For a long time now I have felt like wading through treacle, slowly, cumbersomely, glued to the ground by a sticky morass that would not let go. There is no escape from gravity in this place, except perhaps on aerial silks or on skis. The former are not for me, the latter very much so. I think me on the mountain, gliding down the glorious white, with the Alps in the distance and the molecules in my lungs, and I know what it is to be free. That I know; that, I can relate to. Everything else does not quite make sense. Which is strange: I’ve been learning and trying to understand, but it still is mostly as alien to me as the planets from which I’ve returned, richer in mind yet not much the wiser. At the end of the day there is always the here and now to make something of, and now that I’m here, I might as well make the most of it. Thus I tell myself, over again.
‘Most’ meaning ‘best’: meaning all I can do. What could that possibly be? If I allow my youth up to say about eighteen, nineteen – why not twenty-one: if I allow that to be my formative phase that doesn’t yet count as my adult existence, then I’m now halfway at least through what my adult existence can reasonably be expected to be: I can still look forward, but as much can I, must I, look back. That frightens the hell out of me. That I’m here on Earth, effectively halfway through—way over, if you’re counting from birth—feeling pretty much as I felt right at the beginning, and not having made any impact at all. Not having really moved from the spot. Not having done more than tried, but without ever really succeeding, to take flight. Does that mean it’s too late? Is it ever, can it ever be simply too late? But for what? For some sort of attainment, of what? Of acclaim, recognition, notoriety, ‘fame’? Or even just love? Can love be attained?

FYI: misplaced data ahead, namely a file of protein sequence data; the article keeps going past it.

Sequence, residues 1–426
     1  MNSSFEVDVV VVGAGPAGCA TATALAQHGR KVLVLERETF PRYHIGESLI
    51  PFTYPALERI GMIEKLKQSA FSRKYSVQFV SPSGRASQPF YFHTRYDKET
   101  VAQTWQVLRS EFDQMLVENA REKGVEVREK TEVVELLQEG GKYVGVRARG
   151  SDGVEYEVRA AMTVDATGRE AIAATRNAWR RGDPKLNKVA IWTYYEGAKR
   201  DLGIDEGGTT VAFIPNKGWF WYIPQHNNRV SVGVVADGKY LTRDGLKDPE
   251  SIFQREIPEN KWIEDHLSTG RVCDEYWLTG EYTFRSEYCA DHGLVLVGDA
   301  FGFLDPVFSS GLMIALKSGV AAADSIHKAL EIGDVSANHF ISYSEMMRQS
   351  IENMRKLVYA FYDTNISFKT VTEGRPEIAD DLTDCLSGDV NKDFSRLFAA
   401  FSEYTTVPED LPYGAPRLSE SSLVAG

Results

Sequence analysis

“Be not afraid of moving slowly, be only afraid of standing still.” I want to know what the soul is. At a quantum level: the science, the understandable, perceptible, conceptualisable part of existence that is not material, not intelligent, not rational, not emotional; intangible, insubstantial but essential and real. A Quantum Philosophy. I want to know what that is.
That part of me that I can’t see when I look in the mirror and that I can’t choose one of my names to put an identity to, that I can’t express in words—and if I write another million or ten—that I sense is forming and taking shape (without shape, of course), that is there and that others, some others, recognise in an instant (others, of course, never will): that is what interests me, makes me curious to go further, encourages me, yet to delve.
And so I take my cue, once again, and affirm: I’m here now. I might as well make the most of it. Whatever that turns out to be: it probably really doesn’t matter at all, but for my soul—if nothing else—it’s better to sense me alive than just there; more joyful than to reject, to embrace; more gracious to receive what is given with thanks; and wiser to do what I can, but leave for someone else or another time what I can’t; more courageous to take the challenge, than to say no; more human, altogether, after all, to say ‘yes.’